Hence the need to ensure that for example mails get sent out EVERY
time a CVS commit occurs, and if they bounce it will keep trying to send
them forever. How can we achieve this?
As far as I know how mail servers work, you can't. Then again, why would
you need to? Really, how many people have commit permissions? As long as
they are fewer than three dozen or so, you can have a cryptographically
secured system of notification acknowledgements which leads to phone calls
for missing acknowledgments after a certain threshold. The problem is
not some notifications not reaching their destination, but rather commits
happening without anyone at all being notified.
I think that what you are really saying is that you ned to ensure that
nothing can be committed without at least some notifications going out.
If the cvs server gets hacked, you can't. One way around this is what
I wrote about remotely stored md5sums of all files. The way cvs works
sabotages this though (existing file unchanged, newer file present but
not md5summed to begin with).
Z
--
Framtiden r som en babianrv, frggrann och full av skit.
 Arne Anka
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Re: Re: Security precautions, CVS commit mails was Re: [freenet-support] anonymity(NOT)

2004-08-04 Thread Paul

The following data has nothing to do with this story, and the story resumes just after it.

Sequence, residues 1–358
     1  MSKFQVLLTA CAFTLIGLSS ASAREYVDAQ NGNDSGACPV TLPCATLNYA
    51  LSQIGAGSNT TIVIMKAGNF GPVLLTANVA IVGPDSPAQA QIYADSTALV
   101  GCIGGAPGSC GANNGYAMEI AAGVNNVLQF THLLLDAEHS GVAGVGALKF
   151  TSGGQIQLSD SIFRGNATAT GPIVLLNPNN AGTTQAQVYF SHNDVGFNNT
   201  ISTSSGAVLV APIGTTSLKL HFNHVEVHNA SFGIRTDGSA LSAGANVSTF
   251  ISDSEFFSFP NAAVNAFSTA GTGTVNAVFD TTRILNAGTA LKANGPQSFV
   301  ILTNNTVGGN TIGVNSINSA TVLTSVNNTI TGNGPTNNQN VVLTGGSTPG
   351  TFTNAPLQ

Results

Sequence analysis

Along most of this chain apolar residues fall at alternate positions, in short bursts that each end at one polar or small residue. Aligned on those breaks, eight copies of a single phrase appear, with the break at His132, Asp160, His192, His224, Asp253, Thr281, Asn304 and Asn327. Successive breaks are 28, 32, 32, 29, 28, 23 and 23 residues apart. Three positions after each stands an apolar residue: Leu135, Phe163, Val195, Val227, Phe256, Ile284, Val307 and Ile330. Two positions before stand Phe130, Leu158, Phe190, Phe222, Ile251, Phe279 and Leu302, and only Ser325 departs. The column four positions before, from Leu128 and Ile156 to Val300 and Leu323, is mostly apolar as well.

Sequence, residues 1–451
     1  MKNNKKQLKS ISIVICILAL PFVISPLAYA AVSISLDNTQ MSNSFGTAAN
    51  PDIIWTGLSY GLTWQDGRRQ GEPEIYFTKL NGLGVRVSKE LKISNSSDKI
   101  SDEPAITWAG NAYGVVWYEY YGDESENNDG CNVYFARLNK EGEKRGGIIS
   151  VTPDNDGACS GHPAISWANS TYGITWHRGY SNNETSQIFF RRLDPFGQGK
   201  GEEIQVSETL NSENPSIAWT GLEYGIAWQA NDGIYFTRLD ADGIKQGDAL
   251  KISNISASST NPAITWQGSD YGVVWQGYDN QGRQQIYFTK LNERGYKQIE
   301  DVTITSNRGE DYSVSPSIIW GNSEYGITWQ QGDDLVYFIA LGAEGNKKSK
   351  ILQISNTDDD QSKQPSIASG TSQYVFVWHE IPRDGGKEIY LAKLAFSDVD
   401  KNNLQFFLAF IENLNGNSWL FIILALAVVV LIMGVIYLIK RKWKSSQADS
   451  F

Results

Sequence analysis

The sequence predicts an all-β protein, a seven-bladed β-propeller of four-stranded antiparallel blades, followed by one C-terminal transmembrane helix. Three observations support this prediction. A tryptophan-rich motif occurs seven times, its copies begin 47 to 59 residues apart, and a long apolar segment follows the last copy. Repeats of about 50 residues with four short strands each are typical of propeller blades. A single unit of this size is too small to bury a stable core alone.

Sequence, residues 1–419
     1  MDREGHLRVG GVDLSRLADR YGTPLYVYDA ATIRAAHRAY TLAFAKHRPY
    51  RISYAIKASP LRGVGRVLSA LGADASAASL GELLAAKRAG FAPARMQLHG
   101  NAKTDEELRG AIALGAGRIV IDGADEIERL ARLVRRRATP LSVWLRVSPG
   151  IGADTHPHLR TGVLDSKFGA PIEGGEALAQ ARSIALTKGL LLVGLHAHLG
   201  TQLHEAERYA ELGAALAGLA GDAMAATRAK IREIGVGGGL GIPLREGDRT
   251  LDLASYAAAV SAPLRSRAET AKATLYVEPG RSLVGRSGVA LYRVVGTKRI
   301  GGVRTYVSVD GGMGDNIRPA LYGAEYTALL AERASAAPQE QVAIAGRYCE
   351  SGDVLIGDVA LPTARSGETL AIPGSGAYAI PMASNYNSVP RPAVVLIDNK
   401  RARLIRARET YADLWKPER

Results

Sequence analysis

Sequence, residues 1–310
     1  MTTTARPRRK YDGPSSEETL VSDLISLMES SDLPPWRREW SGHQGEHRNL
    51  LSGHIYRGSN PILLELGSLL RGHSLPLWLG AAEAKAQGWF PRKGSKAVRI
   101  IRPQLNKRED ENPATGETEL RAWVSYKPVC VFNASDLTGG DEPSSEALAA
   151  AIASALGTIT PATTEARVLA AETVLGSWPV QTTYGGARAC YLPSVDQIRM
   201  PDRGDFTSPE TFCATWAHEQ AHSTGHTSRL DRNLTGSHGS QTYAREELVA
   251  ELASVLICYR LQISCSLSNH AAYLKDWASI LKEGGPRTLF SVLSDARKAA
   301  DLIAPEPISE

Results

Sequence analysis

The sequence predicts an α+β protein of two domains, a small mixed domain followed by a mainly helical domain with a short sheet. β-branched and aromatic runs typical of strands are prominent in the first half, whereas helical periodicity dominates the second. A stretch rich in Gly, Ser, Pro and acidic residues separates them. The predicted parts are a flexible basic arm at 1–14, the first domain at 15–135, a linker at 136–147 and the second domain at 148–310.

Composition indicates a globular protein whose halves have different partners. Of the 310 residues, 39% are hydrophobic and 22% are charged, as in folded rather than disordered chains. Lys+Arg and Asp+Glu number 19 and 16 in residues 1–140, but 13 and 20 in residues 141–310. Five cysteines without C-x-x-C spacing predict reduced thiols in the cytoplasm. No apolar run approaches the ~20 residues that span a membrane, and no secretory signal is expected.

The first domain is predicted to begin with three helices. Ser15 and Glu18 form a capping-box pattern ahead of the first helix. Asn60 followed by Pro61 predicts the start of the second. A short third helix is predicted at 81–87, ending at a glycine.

Well, a very striped down version of OpenBSD running off a cd and
freenet's cache being on an encripted disk with a one-time key (ie a
new key is randomly generated at boot) would make setting up a freenet
machine simple, safe, and dificult to update. :-p , 9 years with
one remote hole
~Paul

On Thu, 05 Aug 2004 00:23:51 +0200, Zenon Panoussis
[EMAIL PROTECTED] wrote:
 
 Toad wrote:
 
  You have taken extraordinary measures to protect against [the
  ftp server being hacked], haven't you?
 
  Umm, measures such as..? I don't see how you can defend against the
  above, really.
 
 Well, first of all the elementary stuff. No other services on the
 same machine. You don't want your ftp server compromised because
 of a flaw in mailman, or even sendmail, so put that stuff elsewhere.
 Heavy firewalling. IDS. No compiler installed; most hacks begin
 with a compilation. No unnecessary script interpreters; an ftp
 server can live very well (and much longer) without PHP, python,
 perl, java, whathaveyou. A super-lean kernel. A permanently up
 to date system.
 
 Then the more tedious stuff. Remote syslog. Remote md5sums of every
 file on the machine, regularly checked. A draconic password policy.
 Why not a read-only server running from a CD-ROM?
 
 And then comes the really difficult part, physical security. A
 gang of angry and hungry dobbermans in the outer perimeter, cobras
 in the server room, tarantulas inside the server itself.
 
 As a side-dish, network security. If your DNS can be compromised,
 nobody needs to touch your ftp server before they can serve their
 own files from your machine. Arp. There is really no way to
 ensure that a visitor to your ftp server won't end up elsewhere,
 but an unpredictable control mechanism can let you know if that
 happens and mitigate the damage.
 
  There is one thing though... I think the CVS announcement mails are
  generated on the client side. They should be generated on the server
  side. Anyone know how to do this?
 
 What you mean by CVS announcements?
 
 Z
 
 --
 Framtiden är som en babianröv, färggrann och full av skit.
   Arne Anka